Job type

Set designer

£27k - £40k

Typical salary

40 – 42

Hours per week

Set designers design and create the setting for adverts, television, theatre or film production.

More info

  • Design and create the setting for adverts, television, theatre or film
  • You'll need creativity and imagination with strong practical skills like drawing
  • You could work on larger and more prestigious film, TV and theatre productions

Use creativity, research and time management skills to design sets for TV, films, or adverts.


  • Study scripts and discuss ideas with the director
  • Communicate your ideas to costume, make-up, props and lighting designers
  • Work out problems like lighting and scene change
  • Research historical, contemporary or futuristic details to get the right look for the production
  • Create effective designs within the available budget
  • Sketch design ideas to produce a storyboard
  • Build and photograph scale models


Your working hours could be long and include evening and weekend work. You could work in a theatre, in an office, on a film set, in a creative studio, from home or at a film studio. You may also travel to attend meetings with theatres or film and TV production companies. Your working environment may be physically demanding and outdoors some of the time.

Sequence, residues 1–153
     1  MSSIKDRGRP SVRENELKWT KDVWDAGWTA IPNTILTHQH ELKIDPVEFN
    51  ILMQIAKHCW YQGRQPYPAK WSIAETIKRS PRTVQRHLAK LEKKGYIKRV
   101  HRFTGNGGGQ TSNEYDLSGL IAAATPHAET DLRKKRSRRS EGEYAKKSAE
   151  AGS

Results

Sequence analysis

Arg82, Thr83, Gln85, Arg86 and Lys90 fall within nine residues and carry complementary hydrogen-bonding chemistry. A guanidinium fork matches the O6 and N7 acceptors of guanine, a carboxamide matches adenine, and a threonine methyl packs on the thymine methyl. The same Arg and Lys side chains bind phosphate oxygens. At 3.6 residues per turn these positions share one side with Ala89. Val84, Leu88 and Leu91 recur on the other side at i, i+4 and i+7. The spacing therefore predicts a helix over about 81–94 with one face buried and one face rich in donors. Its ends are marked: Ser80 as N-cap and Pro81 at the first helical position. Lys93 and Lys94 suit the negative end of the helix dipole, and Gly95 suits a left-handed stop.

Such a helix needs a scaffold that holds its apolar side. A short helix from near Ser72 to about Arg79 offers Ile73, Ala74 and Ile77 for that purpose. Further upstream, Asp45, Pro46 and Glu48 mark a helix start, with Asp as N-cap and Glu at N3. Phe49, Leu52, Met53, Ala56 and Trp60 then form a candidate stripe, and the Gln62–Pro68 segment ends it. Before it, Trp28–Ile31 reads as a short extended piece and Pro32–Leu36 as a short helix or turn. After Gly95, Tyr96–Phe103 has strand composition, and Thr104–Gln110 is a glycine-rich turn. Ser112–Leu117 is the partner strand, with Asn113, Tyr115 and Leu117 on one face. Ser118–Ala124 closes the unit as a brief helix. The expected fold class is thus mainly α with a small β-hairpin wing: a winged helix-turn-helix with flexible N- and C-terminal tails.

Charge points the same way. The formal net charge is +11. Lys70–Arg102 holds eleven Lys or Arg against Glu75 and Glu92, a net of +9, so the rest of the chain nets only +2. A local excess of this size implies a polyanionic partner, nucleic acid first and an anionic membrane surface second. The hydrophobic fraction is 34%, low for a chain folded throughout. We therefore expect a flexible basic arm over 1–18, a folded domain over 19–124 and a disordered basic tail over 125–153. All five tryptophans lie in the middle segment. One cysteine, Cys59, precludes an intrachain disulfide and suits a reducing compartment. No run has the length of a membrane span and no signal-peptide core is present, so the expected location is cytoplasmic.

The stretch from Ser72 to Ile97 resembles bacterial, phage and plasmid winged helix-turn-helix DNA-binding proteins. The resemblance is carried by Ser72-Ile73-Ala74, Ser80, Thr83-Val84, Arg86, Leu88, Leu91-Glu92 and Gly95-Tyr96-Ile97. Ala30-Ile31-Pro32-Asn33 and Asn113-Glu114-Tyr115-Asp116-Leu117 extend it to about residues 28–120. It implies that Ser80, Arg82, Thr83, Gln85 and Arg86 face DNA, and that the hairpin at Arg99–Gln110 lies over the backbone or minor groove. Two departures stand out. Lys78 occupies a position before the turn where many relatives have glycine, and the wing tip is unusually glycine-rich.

You'll need

This role would be ideal for someone with creativity and imagination, strong practical skills like drawing and 3D model making, excellent attention to detail, the ability to work under pressure and meet deadlines, and research skills.

You'll usually need an HND or degree in a relevant subject, like fine art, interior design, theatre design or 3D design.

Several universities, colleges and drama schools also offer courses in performing arts production or design for film and television.

You could also learn some of the skills you need for this job through a college course like a Level 3 Certificate or Diploma in Production Arts.

You could start as a set designer's assistant, art department trainee or a prop maker or runner in film or TV and work your way up.

Alternitively, you may be able to get into this job through a creative and digital media advanced apprenticeship.

You should find practical experience and build a portfolio of your design work to show to potential employers. You can get relevant experience by getting involved in student theatre or film, local amateur or community theatre and low-budget independent films. A DVD or online portfolio showcasing sets you've designed for amateur theatre, school plays or films would be useful.


With experience, you could work on larger and more prestigious film, TV and theatre productions.